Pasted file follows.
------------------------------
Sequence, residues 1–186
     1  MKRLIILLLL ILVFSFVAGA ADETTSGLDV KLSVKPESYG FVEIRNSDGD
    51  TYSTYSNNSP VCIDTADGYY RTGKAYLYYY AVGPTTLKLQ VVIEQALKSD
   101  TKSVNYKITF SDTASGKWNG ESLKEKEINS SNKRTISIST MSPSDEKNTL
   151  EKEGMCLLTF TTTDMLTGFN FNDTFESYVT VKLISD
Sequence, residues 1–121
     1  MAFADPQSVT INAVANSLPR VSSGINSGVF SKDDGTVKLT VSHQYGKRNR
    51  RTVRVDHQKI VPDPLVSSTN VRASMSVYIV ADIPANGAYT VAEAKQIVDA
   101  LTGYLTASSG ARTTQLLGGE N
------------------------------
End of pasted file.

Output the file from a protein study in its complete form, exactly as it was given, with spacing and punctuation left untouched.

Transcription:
Sequence, residues 1–186
     1  MKRLIILLLL ILVFSFVAGA ADETTSGLDV KLSVKPESYG FVEIRNSDGD
    51  TYSTYSNNSP VCIDTADGYY RTGKAYLYYY AVGPTTLKLQ VVIEQALKSD
   101  TKSVNYKITF SDTASGKWNG ESLKEKEINS SNKRTISIST MSPSDEKNTL
   151  EKEGMCLLTF TTTDMLTGFN FNDTFESYVT VKLISD
Sequence, residues 1–121
     1  MAFADPQSVT INAVANSLPR VSSGINSGVF SKDDGTVKLT VSHQYGKRNR
    51  RTVRVDHQKI VPDPLVSSTN VRASMSVYIV ADIPANGAYT VAEAKQIVDA
   101  LTGYLTASSG ARTTQLLGGE N